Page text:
Israel believes Russian drone breach an accident — report
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Israel believes Russian drone breach an accident — report

Internal probe shows Jerusalem spoke to Moscow air force officials seven times after UAV entered airspace

Illustrative. A UAV, June 2010. (Ofer Zidon/ Flash90)
Illustrative. A UAV, June 2010. (Ofer Zidon/ Flash90)

An internal Israeli Air Force probe has concluded that a drone that entered Israeli airspace last month likely crossed the border as result of “human error,” the Haaretz newspaper reported on Monday.

The unmanned aerial vehicle entered northern Israel from Syria on July 17. The Israel Defense Forces attempted to shoot down the aircraft three times, but failed. Haaretz said Sunday the UAV belonged to Russia.

On Monday, the daily reported that Israel spoke to Russian air force operators seven times in the immediate aftermath of the incident. The Russians initially denied they sent the drone and only later admitted it was theirs.

The UAV was launched from a Russian-controlled base near Damascus. After it crossed the border, Israeli officials hurriedly called their Russian counterparts on the hotline established between the two countries to coordinate on Syria. But in seven phone calls over some 20 minutes, the Russians insisted they did not send the drone into Israeli territory. After Israel established that it was not an Israeli drone, the order was given to shoot it down.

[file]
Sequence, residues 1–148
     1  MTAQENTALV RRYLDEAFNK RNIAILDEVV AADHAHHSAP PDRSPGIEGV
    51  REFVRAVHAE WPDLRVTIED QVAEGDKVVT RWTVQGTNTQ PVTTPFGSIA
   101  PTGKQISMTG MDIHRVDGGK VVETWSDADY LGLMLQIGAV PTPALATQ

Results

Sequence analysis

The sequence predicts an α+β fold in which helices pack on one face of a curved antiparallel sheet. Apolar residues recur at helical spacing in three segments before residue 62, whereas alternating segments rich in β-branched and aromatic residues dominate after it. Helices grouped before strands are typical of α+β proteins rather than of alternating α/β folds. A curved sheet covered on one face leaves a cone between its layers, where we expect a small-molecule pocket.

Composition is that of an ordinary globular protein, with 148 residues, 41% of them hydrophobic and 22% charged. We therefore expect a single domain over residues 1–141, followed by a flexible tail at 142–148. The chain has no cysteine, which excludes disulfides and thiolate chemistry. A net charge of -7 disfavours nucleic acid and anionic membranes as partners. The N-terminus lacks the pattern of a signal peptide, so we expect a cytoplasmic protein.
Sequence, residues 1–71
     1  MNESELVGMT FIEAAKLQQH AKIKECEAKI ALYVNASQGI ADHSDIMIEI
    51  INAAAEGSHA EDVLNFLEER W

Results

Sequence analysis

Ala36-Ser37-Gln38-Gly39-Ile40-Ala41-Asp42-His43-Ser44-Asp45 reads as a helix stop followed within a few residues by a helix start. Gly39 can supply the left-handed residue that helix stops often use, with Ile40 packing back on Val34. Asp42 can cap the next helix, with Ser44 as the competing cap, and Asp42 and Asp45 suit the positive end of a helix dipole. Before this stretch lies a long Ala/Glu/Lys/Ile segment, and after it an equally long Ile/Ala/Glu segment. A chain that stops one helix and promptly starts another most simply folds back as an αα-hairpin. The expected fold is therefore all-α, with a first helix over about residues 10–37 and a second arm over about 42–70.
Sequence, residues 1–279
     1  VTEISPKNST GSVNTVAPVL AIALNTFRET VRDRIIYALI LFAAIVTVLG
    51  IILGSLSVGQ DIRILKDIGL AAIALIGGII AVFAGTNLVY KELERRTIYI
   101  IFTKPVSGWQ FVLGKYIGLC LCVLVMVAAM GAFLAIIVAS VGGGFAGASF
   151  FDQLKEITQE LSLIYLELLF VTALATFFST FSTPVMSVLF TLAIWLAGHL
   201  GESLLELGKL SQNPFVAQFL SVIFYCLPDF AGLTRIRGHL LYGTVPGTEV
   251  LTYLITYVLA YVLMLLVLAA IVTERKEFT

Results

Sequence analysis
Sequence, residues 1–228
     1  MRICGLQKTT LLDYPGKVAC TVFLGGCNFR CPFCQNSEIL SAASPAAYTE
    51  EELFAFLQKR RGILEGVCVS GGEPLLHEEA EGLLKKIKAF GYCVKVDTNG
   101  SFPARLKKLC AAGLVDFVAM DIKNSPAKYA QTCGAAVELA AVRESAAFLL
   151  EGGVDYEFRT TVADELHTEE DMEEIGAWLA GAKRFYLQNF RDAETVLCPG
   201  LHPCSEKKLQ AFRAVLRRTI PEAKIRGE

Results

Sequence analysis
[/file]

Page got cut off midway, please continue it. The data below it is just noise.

But Israel now believes the incident was the result of “human error,” as Russia had insisted, the report said.

Israel’s security services had originally suspected the Lebanon-based terrorist group Hezbollah was responsible for the breach.

The army’s aerial defense unit fired two Patriot surface-to-air missiles at the UAV, and a third attempt was made to bring it down with an air-to-air missile fired by an Israeli fighter jet.

The launches triggered air-raid alarms across northern Israel. No rockets were known to have been fired into Israeli territory, however.

Hezbollah-linked Lebanese fighter Anes al-Naqqash claimed at the time that the drone had indeed been sent by his group, and said it had just begun photographing army maneuvers in the Golan when it was shot at and turned back.

Security forces examine debris from Patriot Missiles fired at an unidentified drone that entered Israeli airspace from Syria, July 17, 2016. (Basel Awidat/Flash90)
Security forces examine debris from Patriot Missiles fired at an unidentified drone that entered Israeli airspace from Syria, July 17, 2016. (Basel Awidat/Flash90)

In November, then-defense minister Moshe Ya’alon said a Russian plane had breached Israeli airspace, but the matter was “immediately fixed through communications channels” between the two countries. And late last month King Abdullah of Jordan told American lawmakers that Israeli and Jordanian jets together confronted Russian warplanes in January over southern Syria and warned them away from crossing their shared border.

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